Expat, Packing

Unpacking Memories

June 26, 2017

Unpacking Memories

My jet lag fog is lifting and the stomach bug that hit me a few days after landing is finally over, which meant that I needed to tackle the six suitcases I brought home. The big issue with this is that I really don’t have a place of my own to put all the stuff I brought back. Unlike many expats and nomads, I don’t have a storage unit. My few possessions live in a building on my parent’s property, in what we call “The Office.”

Before coming home, I had asked my Mom to clear some room in the closet and a drawer for me so I wouldn’t have to live out of suitcase for the month I would be home. She hadn’t gotten around to it by the time I arrived. Which ended up being good as yesterday she and I went through what used to be my old closet and unpacked some memories together.

The closet is now a mash-up of her off-season clothes, my nieces hand me downs, and clothes that have sentimental value. My prom dress is there. My Mom’s first formal is in there. All my sister and my oldest niece cheerleading jackets are in there. So with each handful, my Mom pulled out, we would say, “Remember this!” or she would say “You never saw this costume.” We had a great time looking at things we hadn’t seen in awhile.

Then there were the things my Mom hadn’t seen from my travels and Qatar. While I am not a big souvenir buyer, I do occasionally buy things. I have also been gifted many things over the years. We oooh’d and aahh’d over these things as they were unpacked only for most of the to be packed again. I am mostly sad that all my lovely things will not be on display again.

Memories continued when I took some things down to the office for long term storage. I found some knee high heeled boots from my New York days. They promptly went in the trash as the leather had dried out. I returned Christmas decorations that had been taken to Qatar to their box and admired the ones I hadn’t seen in awhile. I went through a few boxes and decided it was time to let go of a few things in them as well.

So many people have commented on the fact that I have gotten rid of so much stuff when I left Qatar, but that is just it. It is just stuff. I am sure that when I return home again, I will have forgotten half the things I have packed away on this trip. Just like those boots I had forgotten about!

What memories would you like to unpack?

Expat, Qatar

Things I Will Miss About Qatar

June 19, 2017

Things I Will Miss About Qatar

As this post goes live, I will be on a plane leaving Qatar for good probably crying a little. I have lived in Qatar for almost four years and have grown to love the land, the people and the culture. Despite it being a sometimes difficult place to live for a single person, I will miss it terribly. Here are some of the things I will miss the most about Qatar.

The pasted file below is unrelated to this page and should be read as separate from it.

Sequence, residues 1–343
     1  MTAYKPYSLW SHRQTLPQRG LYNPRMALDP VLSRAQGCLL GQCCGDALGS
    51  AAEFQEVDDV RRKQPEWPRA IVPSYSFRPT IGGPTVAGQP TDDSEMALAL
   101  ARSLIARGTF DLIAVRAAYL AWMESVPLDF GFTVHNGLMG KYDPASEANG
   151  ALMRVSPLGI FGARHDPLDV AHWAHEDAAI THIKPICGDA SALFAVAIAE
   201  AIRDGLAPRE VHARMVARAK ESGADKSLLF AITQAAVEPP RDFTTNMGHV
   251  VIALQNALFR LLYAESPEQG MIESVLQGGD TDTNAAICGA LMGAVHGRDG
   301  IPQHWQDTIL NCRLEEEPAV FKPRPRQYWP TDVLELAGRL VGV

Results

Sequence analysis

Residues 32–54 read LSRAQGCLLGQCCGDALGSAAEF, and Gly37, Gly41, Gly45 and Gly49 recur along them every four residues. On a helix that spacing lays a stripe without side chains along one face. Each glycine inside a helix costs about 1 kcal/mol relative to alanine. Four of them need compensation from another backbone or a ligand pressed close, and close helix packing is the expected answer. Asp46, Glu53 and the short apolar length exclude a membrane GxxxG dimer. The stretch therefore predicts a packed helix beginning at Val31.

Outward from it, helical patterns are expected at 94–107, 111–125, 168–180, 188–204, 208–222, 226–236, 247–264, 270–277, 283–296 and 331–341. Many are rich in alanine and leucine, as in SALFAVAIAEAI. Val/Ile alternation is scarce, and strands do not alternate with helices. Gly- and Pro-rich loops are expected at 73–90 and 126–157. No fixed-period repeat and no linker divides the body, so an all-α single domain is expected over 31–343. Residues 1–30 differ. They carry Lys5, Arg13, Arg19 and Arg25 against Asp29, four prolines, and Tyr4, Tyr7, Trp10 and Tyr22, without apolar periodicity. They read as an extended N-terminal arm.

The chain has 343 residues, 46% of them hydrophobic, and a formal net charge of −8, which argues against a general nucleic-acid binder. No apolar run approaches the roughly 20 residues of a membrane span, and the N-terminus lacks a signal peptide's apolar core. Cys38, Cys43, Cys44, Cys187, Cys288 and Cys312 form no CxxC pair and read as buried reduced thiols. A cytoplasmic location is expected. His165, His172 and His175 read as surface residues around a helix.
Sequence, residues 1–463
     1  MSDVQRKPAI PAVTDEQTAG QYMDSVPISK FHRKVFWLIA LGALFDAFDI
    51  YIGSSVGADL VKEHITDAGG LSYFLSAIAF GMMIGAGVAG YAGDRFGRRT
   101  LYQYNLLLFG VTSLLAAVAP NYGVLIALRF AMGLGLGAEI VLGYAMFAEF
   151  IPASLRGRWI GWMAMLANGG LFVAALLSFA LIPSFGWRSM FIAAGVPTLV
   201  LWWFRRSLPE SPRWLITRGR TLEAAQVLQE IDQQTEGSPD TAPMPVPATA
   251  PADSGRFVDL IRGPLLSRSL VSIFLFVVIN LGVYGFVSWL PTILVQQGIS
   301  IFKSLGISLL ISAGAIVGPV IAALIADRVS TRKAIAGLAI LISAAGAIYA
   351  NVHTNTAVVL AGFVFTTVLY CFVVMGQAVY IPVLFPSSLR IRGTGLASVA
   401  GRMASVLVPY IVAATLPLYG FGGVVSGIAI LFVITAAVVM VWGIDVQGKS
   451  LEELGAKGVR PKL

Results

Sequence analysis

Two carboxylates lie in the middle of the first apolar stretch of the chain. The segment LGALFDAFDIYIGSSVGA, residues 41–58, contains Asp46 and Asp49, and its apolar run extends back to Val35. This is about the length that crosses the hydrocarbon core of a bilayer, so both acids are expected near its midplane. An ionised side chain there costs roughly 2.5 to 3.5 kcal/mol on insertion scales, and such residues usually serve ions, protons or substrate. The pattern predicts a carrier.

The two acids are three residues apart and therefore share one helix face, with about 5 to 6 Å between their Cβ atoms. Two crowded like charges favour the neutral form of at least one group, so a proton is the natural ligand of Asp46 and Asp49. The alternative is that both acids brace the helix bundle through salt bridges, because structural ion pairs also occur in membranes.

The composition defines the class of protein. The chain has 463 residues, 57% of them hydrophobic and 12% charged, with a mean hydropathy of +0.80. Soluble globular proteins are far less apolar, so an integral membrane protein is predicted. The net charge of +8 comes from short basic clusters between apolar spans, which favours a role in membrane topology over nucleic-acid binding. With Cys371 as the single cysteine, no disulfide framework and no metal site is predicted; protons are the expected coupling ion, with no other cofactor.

Getting Out of My Comfort Zone

Living in a foreign country is nothing like visiting a country on a trip. My patience was tested on a daily basis. On any given day, I would also complain about something that had irritated the American in me. However, I have learned more patience and understanding from this. Not only this, but I have learned about new things this way. I have tried new foods and traditions because of this.

The People

I will miss my friends and coworkers. In Qatar, being an expat means that your first friends are likely to be your coworkers. We get together outside of work and celebrate holidays together. I have made some great friends here as well that are planning on meeting up with me on the road, and I can’t wait. My students are also a part of this. I work in a school with less than 500 students, so I know many of them personally. I will miss seeing them grow and graduate.

But it isn’t just people I am close with that I will miss. I will miss meeting new people from new places. Many times I go to dinner with people, and there are five or more nationalities at the table. At my going away party there were people from eight different countries! Learning about other people’s cultures while being here has been the best thing about living here.

The Culture

Qatari culture is traditional and modern at the same time. They still participate in cultural traditions, such as falconry, souqs and shisha. However, they also love malls, cars and five-star restaurants. This has been the best of both worlds. I have learned about their traditions and their values. The family is huge here, and I appreciate that. Everyone will ask after your family even though they have never met them.

I haven’t just learned about Qatari culture, but all the expats I have met have shared with me their culture and traditions. I have learned about Indian festivals, Aussie footy, Thai food, and I can now understand an Irish person speaking English!

The Food